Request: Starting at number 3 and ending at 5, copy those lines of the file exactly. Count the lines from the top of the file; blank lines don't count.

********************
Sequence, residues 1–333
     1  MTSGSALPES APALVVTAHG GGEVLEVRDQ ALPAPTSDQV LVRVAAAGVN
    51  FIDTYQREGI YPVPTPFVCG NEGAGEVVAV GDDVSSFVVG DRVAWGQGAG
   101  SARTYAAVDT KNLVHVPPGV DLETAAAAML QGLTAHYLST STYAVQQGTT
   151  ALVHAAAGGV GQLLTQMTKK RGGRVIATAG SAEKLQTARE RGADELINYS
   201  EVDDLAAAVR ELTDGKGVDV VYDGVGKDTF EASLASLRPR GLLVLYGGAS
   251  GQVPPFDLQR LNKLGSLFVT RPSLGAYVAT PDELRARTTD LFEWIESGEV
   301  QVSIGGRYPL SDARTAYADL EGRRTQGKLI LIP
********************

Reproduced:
    51  FIDTYQREGI YPVPTPFVCG NEGAGEVVAV GDDVSSFVVG DRVAWGQGAG
   101  SARTYAAVDT KNLVHVPPGV DLETAAAAML QGLTAHYLST STYAVQQGTT
   151  ALVHAAAGGV GQLLTQMTKK RGGRVIATAG SAEKLQTARE RGADELINYS